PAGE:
It’s not so easy to stay healthy in Germany. Now that virtually all protective measures have been lifted, vaccination is also on the block. The Standing Commission on Vaccination (STIKO) couldn’t bring itself to recommend the booster for everyone. Now only certain, narrowly defined risk groups are allowed to be immunised… The rest will have to explain why they want to be vaccinated. …
What is more, because the health insurance companies hide behind the STIKO recommendation, you have to pay for the vaccination yourself. At a cost of probably just under €50 per jab. In view of the vaccination campaigns ‘Sleeves up’ (2021) and ‘Vaccination helps’ , this is totally absurd. The Federal Ministry of Health spent €287 million and €38 million on these campaigns. The motto for 2023 would then rather be: “Well, let’s see.”
In the USA, the CDC recommends vaccination for all people over six months of age. From the very start of the pandemic, STIKO has acted with extreme hesitation and thus contributed to the general uncertainty. It’s partly responsible for the growing number of vaccine sceptics in Germany.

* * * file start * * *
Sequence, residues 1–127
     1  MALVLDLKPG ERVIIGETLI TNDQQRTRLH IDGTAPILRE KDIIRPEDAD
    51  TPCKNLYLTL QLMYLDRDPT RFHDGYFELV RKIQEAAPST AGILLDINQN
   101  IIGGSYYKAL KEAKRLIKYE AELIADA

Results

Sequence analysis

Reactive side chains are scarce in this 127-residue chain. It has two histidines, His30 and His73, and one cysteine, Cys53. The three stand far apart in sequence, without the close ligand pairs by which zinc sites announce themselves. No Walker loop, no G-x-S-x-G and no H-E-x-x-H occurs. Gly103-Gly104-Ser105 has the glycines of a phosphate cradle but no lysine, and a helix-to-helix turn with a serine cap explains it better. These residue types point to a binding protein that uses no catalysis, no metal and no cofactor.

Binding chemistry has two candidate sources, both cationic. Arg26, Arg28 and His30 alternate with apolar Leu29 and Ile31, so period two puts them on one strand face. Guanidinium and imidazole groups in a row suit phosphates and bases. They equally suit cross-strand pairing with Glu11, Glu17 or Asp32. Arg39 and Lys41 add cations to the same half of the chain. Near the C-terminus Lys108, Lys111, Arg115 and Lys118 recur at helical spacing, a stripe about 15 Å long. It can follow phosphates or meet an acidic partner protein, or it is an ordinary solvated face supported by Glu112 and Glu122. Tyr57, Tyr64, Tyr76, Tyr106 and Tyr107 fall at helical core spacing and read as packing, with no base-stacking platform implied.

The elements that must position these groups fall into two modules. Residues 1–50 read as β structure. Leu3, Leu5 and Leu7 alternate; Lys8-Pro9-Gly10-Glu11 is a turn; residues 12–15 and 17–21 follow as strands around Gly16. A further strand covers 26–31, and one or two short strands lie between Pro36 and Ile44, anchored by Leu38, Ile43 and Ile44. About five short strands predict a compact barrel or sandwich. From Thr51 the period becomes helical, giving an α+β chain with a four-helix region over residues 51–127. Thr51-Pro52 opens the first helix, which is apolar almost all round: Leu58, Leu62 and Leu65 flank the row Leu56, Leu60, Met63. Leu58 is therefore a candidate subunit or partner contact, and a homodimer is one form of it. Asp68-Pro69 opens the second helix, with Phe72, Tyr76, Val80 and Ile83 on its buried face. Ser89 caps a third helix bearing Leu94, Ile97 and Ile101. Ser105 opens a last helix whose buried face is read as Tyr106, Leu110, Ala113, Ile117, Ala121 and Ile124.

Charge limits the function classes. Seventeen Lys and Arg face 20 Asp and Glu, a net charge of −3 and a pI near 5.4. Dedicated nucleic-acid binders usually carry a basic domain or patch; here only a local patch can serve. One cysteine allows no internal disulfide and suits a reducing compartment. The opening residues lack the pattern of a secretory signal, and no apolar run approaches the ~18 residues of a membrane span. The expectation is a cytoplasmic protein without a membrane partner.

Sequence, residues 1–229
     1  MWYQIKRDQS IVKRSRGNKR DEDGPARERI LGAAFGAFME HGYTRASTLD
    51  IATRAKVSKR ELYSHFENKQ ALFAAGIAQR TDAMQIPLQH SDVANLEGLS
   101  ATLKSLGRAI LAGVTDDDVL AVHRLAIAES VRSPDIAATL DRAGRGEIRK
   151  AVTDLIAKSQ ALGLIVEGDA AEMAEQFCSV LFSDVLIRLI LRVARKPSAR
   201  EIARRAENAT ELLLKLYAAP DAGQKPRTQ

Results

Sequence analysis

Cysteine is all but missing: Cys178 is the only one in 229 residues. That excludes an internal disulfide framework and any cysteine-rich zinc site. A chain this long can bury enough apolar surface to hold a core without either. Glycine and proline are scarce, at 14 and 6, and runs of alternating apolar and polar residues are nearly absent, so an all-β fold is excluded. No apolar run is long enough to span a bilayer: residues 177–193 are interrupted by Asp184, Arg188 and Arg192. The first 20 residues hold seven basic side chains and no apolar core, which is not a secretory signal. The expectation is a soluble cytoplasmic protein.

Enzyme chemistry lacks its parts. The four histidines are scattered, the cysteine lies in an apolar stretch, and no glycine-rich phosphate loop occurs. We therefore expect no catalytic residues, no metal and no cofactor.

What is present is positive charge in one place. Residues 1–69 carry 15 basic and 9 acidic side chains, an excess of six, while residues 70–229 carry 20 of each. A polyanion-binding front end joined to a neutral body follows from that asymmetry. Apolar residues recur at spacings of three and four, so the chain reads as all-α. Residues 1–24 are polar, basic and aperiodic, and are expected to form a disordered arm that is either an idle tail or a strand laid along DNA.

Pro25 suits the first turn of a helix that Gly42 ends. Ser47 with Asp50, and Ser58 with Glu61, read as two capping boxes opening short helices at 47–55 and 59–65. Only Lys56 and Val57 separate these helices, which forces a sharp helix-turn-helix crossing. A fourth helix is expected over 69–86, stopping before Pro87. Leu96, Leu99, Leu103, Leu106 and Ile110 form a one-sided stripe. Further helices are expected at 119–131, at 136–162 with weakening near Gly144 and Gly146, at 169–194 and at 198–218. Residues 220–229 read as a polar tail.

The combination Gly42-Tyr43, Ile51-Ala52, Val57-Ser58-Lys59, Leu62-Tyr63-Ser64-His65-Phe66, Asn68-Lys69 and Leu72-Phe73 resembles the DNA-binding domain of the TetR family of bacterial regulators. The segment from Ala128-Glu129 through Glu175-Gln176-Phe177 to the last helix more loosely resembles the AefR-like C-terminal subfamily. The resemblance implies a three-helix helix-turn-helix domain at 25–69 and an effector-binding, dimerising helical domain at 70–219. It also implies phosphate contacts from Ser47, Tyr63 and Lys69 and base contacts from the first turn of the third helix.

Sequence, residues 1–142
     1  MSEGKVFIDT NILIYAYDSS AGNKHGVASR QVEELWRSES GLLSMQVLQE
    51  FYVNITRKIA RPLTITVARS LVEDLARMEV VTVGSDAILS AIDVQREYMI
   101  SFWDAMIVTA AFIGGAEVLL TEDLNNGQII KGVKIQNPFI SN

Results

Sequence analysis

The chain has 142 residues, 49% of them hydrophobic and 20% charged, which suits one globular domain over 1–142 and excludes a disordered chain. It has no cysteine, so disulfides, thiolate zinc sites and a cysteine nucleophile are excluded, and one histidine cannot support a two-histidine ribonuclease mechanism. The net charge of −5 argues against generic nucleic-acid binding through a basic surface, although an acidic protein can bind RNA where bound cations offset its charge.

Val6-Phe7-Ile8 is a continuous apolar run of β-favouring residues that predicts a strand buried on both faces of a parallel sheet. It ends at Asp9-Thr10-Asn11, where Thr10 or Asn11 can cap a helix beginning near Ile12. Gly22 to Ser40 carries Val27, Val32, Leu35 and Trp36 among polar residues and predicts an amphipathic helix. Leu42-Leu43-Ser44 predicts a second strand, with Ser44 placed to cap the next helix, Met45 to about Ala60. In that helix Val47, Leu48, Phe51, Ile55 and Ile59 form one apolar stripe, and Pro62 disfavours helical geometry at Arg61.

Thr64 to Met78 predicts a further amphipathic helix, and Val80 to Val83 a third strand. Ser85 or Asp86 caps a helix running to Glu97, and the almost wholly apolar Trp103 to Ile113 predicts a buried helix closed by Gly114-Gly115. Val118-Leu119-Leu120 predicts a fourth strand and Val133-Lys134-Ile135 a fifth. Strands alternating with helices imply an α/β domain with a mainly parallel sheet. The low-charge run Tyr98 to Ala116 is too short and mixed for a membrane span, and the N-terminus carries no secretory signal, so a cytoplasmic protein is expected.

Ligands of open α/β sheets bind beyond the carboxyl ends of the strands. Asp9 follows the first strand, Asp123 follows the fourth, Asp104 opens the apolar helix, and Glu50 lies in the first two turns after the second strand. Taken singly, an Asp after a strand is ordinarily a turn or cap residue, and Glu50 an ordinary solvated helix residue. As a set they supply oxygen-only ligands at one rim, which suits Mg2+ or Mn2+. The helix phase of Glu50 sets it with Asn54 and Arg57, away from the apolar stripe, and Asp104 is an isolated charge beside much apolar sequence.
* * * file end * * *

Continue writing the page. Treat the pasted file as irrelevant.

Indeed it’s interesting that the Health Ministry has so quickly forgotten its vaccination appeals from just last year. With a little more introspection, taz might’ve drawn some important conclusions from this curiosity. As for STIKO and vaccine hesitancy, I fear they’ve gotten it backwards. The regulators are plainly trying to preserve remaining public faith in vaccines by reining in their mass Covid jab campaigns.
Holger Schelp, Chairman of the General Practitioners’ Association in Bremen remarked to local media this morning that there will be no “great rush” for the new jabs, admitting that “interest is so low that many practices have not even ordered the vaccine”.
The official recommendation… is that everyone who is 60 or older, or who belongs to an at-risk group, should be vaccinated.
The evidence supporting this recommendation isn’t very strong though. It’s based on small numbers. We doctors don’t know how many people we’d have to vaccinate to prevent an infection, or how many we need to vaccinate to prevent a death. … I think that’s a bit embarrassing for a large-scale vaccination effort.